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The Best Science Fiction and Fantasy of the Year Volume Two

The Best Science Fiction and Fantasy of the Year Volume Two edited by Jonathan Strahan

The Year’s Best Science Fiction and Fantasy of the Year Volume Two is one of several anthologies that collects the best science fiction and fantasy of 2007. I’ve read many of the stories included, yet revisiting them actually made me appreciate them more rather than feel exhausted. One thing I noticed is that there’s a stronger science fiction balance in this anthology compared to the previous volume, although that might also be because the lines between science fiction and fantasy easily get blurry.


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The Year’s Best Fantasy and Horror 2008

The Year’s Best Fantasy and Horror 2008

For me, The Year’s Best Fantasy and Horror 2008 has been a two-headed beast. On one hand, it’s an eagerly anticipated book by people involved in the industry, usually for the summation at the front of the book and the honorable mentions list at the back. The various editors are quite thorough and detailed when it comes to this part. The other aspect is, of course, the story/poetry selection, which is what will likely attract the casual reader.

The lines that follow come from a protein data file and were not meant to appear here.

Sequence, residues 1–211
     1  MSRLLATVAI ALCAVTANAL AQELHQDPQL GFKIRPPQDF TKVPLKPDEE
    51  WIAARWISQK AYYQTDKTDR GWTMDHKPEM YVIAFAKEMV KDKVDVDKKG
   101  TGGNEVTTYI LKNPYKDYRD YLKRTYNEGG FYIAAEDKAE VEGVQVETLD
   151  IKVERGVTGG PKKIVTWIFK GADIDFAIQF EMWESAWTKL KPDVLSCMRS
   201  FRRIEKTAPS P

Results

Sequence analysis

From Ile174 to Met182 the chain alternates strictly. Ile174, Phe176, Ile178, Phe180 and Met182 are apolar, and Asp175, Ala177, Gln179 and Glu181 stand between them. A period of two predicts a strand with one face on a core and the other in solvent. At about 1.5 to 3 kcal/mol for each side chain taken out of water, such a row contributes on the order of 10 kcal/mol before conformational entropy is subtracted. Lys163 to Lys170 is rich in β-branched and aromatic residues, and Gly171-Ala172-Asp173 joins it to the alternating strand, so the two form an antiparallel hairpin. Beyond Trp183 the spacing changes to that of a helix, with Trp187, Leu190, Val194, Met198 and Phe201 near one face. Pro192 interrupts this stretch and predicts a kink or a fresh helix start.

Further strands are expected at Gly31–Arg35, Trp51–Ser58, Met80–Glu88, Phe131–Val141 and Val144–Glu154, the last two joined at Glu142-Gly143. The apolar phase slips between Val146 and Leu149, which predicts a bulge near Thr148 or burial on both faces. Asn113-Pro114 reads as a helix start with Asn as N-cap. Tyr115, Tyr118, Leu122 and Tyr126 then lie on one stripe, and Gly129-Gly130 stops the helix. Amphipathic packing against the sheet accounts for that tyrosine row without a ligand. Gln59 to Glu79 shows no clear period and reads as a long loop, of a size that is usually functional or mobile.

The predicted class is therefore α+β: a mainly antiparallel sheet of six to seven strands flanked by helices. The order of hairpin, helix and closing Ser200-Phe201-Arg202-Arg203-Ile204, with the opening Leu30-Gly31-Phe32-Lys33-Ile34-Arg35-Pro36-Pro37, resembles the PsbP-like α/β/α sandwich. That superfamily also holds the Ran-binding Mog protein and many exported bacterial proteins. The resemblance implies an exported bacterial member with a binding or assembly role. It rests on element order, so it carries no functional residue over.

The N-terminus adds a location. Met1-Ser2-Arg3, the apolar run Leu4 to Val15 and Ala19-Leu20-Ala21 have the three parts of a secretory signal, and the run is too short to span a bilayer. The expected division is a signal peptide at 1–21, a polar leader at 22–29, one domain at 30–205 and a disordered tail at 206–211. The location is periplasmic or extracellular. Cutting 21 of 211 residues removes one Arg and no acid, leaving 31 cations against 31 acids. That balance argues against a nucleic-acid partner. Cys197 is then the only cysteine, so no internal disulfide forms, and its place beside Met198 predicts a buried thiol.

So,


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Steampunk II: Steampunk Reloaded

Steampunk II: Steampunk Reloaded edited by Ann and Jeff VanderMeer

Steampunk II: Steampunk Reloaded is the second steampunk anthology edited by Ann and Jeff VanderMeer, following 2008’s first installment. It contains about twice as many stories as its predecessor, but unlike the first collection the quality is more uneven here, resulting in a less impressive but still fascinating anthology that should please fans of the genre.

While the first anthology only contained one story I was less than happy with, there are at least four or five in Steampunk II: Steampunk Reloaded that I could have done without.


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Golden Reflections: Stories that boldly blend sci-fi and alternate history

Golden Reflections (Mask of the Sun & stories) edited by Joan Spicci Saberhagen & Robert E. Vardeman